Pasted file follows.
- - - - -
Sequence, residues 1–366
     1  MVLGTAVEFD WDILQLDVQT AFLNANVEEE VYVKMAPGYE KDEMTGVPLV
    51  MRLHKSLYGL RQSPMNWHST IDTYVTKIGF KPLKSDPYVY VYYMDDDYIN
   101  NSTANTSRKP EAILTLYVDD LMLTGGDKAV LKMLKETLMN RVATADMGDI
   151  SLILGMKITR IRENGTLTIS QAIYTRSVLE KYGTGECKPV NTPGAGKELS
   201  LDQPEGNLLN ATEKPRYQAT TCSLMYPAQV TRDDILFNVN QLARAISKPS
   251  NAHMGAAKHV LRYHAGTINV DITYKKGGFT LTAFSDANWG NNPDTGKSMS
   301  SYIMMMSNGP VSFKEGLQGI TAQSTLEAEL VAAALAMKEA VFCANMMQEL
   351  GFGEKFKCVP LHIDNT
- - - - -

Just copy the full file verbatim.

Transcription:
Sequence, residues 1–366
     1  MVLGTAVEFD WDILQLDVQT AFLNANVEEE VYVKMAPGYE KDEMTGVPLV
    51  MRLHKSLYGL RQSPMNWHST IDTYVTKIGF KPLKSDPYVY VYYMDDDYIN
   101  NSTANTSRKP EAILTLYVDD LMLTGGDKAV LKMLKETLMN RVATADMGDI
   151  SLILGMKITR IRENGTLTIS QAIYTRSVLE KYGTGECKPV NTPGAGKELS
   201  LDQPEGNLLN ATEKPRYQAT TCSLMYPAQV TRDDILFNVN QLARAISKPS
   251  NAHMGAAKHV LRYHAGTINV DITYKKGGFT LTAFSDANWG NNPDTGKSMS
   301  SYIMMMSNGP VSFKEGLQGI TAQSTLEAEL VAAALAMKEA VFCANMMQEL
   351  GFGEKFKCVP LHIDNT